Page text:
Kobe Fruit and Flower Park

4th September 2011

Kobe Fruit and Flower Park is relatively straight forward to get to once you know how; a free bus service departs from JR Sanda Station, and the bus is labelled with the park name in English. The park is geared at nature lovers, with the small ride area being a run-down afterthought that looked like it was on borrowed time. Just three of the rides were scheduled to operate today, and the two roller coasters were not among them. The Jet Coaster looked like it hadn't operated in months, if not longer; the track was covered in rust, and the cars and brake run were covered up with tarpaulin. The smaller Hurry Coaster looked to be in operational condition, but the staff were not prepared to run it for us. As we already had a ticket we decided to use it on the ferris wheel, before catching the shuttle bus back to the train station.

Nothing moving

 

Tojoko Toy Kingdom

4th September 2011

Tojoko Toy Kingdom is also reachable by a free bus, though in this case from JR Shinsanda, a three minute journey from JR Sanda. Unfortunately this does not run in the middle of the day, leaving us with the choice of a three hour wait or a taxi. We ran with the latter at a cost of just over ¥6000; though sizeable, it was just about manageable when split two ways.

On arrival it was immediately evident that this was money well spent. We'd arrived at a bright and colourful park with extremely friendly staff (even by Japanese standards). The lady at the gate evidently figured out that we were interested in roller coasters and phoned ahead, as five minutes later we were accosted by a ride operator who showed us exactly where to go. We were quickly told that the Loop Coaster wasn't working today, which was accurate if slightly misleading; half of the aforementioned ride was removed after it closed eleven years ago, and the rest still towers over the rest of the park. Its current appearance resembles something one might build in Roller Coaster Tycoon just to watch the cute animations when park guests are launched into orbit!

Loop Coaster

The Waku Waku Coaster (#1676) is a family coaster added five years ago that would be unremarkable were it not for the train, which features one of the most ornate front designs that I've seen anywhere; a set of sculpted toy soldiers that look fabulous. The larger Hill Billy Coaster Texas Bronco (#1677) is an exceptionally lively mine train from Meisho with some fabulous theming including an artificial mountain the middle of the ride.

After trying the Ferris Wheel we spent the better part of an hour wandering the park, enjoying the ambience and taking photos. One of the wonderful things about Japan is that nobody bats an eyelid when you take photographs of random scenes, and the locals do their best not to walk into a picture when they see someone holding up a camera. If only other countries were the same.

 

Universal Studios Japan

4th September 2011

Universal Studios Japan has an evening price available, making it a logical place for us to spend a few hours. We elected to augment our stay with a Universal Express booklet allowing us immediate access to the various rides we wanted to try. Two types of booklet are sold; one with four coupons, and one with seven, and in both cases the coupons are usable on specific rides only. Those wanting to express-pass the two major coasters will need the seven coupon booklet.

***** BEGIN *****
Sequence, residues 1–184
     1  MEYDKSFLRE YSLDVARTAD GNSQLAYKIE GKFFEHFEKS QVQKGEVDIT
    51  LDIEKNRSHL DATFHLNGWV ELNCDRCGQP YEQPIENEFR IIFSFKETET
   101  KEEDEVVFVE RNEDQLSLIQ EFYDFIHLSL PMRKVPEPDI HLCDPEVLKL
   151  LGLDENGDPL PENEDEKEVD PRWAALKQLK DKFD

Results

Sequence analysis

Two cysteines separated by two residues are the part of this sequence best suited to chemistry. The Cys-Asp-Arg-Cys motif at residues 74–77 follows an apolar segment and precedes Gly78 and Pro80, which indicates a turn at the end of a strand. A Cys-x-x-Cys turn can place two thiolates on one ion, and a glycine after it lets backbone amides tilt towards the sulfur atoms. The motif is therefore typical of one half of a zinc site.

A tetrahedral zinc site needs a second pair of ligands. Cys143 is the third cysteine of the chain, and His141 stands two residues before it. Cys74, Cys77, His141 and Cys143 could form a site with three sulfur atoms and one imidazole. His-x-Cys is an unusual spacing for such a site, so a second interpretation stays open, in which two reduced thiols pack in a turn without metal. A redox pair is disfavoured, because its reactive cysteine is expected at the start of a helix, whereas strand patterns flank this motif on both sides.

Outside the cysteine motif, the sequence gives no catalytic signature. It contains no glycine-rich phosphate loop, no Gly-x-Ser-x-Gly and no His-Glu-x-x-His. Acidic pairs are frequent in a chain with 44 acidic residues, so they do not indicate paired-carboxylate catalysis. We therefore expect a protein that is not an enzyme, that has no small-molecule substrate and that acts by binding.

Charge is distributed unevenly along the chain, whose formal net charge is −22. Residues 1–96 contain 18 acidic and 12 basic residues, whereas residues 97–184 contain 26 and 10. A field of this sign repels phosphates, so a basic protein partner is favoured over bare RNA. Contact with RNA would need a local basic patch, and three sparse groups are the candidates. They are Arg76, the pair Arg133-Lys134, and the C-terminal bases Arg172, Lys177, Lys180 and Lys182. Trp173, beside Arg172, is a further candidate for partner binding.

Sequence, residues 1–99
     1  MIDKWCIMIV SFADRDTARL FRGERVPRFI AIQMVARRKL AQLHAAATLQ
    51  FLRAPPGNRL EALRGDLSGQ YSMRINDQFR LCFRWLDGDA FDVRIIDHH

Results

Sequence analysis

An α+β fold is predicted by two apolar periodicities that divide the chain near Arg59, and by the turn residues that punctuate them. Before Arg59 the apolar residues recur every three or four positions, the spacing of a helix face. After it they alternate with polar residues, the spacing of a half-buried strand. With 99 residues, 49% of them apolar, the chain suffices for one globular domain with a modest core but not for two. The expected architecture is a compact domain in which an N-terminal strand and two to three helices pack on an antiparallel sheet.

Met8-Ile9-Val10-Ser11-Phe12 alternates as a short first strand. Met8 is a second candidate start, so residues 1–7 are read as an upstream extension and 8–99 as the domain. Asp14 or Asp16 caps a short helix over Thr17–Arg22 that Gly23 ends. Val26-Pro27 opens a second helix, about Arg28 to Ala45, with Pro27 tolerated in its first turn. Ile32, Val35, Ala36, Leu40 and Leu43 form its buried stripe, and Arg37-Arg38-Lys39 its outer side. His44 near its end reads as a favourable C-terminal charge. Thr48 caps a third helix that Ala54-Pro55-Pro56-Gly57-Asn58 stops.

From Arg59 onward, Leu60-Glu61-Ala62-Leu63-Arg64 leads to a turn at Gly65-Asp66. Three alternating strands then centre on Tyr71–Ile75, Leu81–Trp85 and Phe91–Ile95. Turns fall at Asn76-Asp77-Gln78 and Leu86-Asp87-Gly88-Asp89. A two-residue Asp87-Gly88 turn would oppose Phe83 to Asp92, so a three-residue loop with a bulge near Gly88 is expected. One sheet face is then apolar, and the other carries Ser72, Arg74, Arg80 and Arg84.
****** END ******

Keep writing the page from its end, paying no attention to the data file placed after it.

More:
I am not a fan of systems which allow people to monopolise certain attractions, riding over and over again at the expense of those in the regular queue. This type of booklet system allows parks to bring in more revenue while also serving ordinary guests, as the express users are directed towards the less popular attractions; we used ours to ride Back to the Future, Backdraft, and Jurassic Park.

Bring your mobile

Space Fantasy (#1678) is a spinning coaster from Mack Rides with a moving walkway loading system that keeps capacity high despite the ride trains seating just eight people. After dispatch, the cars traverse a lengthy track augmented by intricate theming and atmospheric background music. The highlight is a scene right before the final brake run, which I'm not going to spoil; suffice it to say that it took me completely by surprise. As a side note, this ride is possibly unique in the world of roller coasters in that guests are encouraged to take their mobile phones with them, in sharp contrast to the usual loose items policy seen at amusement parks around the world.

I'm convinced that there has been a change to the ride programme on Amazing Adventures of Spider-Man since my last visit. I'm not an expert on this attraction by any means, but the story line seemed different to me. Whatever the case, I don't think I've ever enjoyed a dark ride quite so much; the entire journey was punctuated by a chorus of "ooh!" and "aah!" noises made by the dozen locals sharing our car, adding a touch of unintentional comedy to the experience!

We finished the night with a lap on Hollywood Dream: The Ride. Though not intense by any means, this style of ride is the ultimate "general public" coaster; something that everyone can enjoy. Additionally, the lighting package on the train looks fantastic in the dark. The only thing to be wary of is the horrible J-Pop soundtrack, which can be avoided with care.

2011


Kobe Fruit and Flower Park

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Tojoko Toy Kingdom

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Universal Studios Japan

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